Im Focus: Designing Architecture with Solar Building Envelopes

Among the general public, solar thermal energy is currently associated with dark blue, rectangular collectors on building roofs. Technologies are needed for aesthetically high quality architecture which offer the architect more room for manoeuvre when it comes to low- and plus-energy buildings. With the “ArKol” project, researchers at Fraunhofer ISE together with partners are currently developing two façade collectors for solar thermal energy generation, which permit a high degree of design flexibility: a strip collector for opaque façade sections and a solar thermal blind for transparent sections. The current state of the two developments will be presented at the BAU 2017 trade fair.

As part of the “ArKol – development of architecturally highly integrated façade collectors with heat pipes” project, Fraunhofer ISE together with its partners...

Im Focus: How to inflate a hardened concrete shell with a weight of 80 t

At TU Wien, an alternative for resource intensive formwork for the construction of concrete domes was developed. It is now used in a test dome for the Austrian Federal Railways Infrastructure (ÖBB Infrastruktur).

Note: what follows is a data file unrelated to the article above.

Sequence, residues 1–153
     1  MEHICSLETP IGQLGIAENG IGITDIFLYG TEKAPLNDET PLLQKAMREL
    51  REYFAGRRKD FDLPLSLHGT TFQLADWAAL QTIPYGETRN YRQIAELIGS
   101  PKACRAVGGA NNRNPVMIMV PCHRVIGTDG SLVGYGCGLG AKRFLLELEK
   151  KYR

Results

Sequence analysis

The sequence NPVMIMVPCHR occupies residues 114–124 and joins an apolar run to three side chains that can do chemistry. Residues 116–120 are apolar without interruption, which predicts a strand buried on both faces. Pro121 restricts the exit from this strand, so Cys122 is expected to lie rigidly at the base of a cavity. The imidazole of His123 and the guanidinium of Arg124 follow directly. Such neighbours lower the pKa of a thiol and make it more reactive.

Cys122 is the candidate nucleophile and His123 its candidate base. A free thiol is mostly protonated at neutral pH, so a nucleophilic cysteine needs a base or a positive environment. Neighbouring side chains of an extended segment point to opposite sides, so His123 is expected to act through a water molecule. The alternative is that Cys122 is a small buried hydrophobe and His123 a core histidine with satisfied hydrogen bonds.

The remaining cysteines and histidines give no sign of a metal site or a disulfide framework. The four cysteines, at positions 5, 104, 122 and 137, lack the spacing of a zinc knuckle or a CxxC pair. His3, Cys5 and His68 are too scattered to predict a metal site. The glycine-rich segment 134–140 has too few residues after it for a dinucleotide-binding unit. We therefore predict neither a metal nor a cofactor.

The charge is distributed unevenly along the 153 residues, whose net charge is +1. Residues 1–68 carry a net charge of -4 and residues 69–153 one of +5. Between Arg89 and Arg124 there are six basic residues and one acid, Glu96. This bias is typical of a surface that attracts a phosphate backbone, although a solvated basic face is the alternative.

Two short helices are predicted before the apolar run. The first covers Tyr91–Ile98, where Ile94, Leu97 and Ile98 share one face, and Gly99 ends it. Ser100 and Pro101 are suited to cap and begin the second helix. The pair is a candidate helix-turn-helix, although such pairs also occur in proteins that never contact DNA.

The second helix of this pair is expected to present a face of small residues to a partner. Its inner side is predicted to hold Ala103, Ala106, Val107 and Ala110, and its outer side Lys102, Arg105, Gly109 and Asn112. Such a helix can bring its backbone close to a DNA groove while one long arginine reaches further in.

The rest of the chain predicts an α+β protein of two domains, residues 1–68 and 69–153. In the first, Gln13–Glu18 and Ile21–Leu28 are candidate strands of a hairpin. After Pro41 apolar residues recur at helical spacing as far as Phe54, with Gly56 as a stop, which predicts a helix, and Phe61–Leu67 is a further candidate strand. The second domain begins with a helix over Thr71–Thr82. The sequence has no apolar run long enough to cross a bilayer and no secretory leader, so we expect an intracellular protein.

Concrete shells are efficient structures, but not very resource efficient. The formwork for the construction of concrete domes alone requires a high amount of...

Im Focus: Bacterial Pac Man molecule snaps at sugar

Many pathogens use certain sugar compounds from their host to help conceal themselves against the immune system. Scientists at the University of Bonn have now, in cooperation with researchers at the University of York in the United Kingdom, analyzed the dynamics of a bacterial molecule that is involved in this process. They demonstrate that the protein grabs onto the sugar molecule with a Pac Man-like chewing motion and holds it until it can be used. Their results could help design therapeutics that could make the protein poorer at grabbing and holding and hence compromise the pathogen in the host. The study has now been published in “Biophysical Journal”.

The cells of the mouth, nose and intestinal mucosa produce large quantities of a chemical called sialic acid. Many bacteria possess a special transport system...

All Focus news of the innovation-report >>>

Anzeige

Anzeige

Event News

12V, 48V, high-voltage – trends in E/E automotive architecture

10.01.2017 | Event News

2nd Conference on Non-Textual Information on 10 and 11 May 2017 in Hannover

09.01.2017 | Event News

Nothing will happen without batteries making it happen!

05.01.2017 | Event News

 
Latest News

Water - as the underlying driver of the Earth’s carbon cycle

17.01.2017 | Earth Sciences

Interfacial Superconductivity: Magnetic and superconducting order revealed simultaneously

17.01.2017 | Materials Sciences

Smart homes will “LISTEN” to your voice

17.01.2017 | Architecture and Construction

VideoLinks
B2B-VideoLinks
More VideoLinks >>>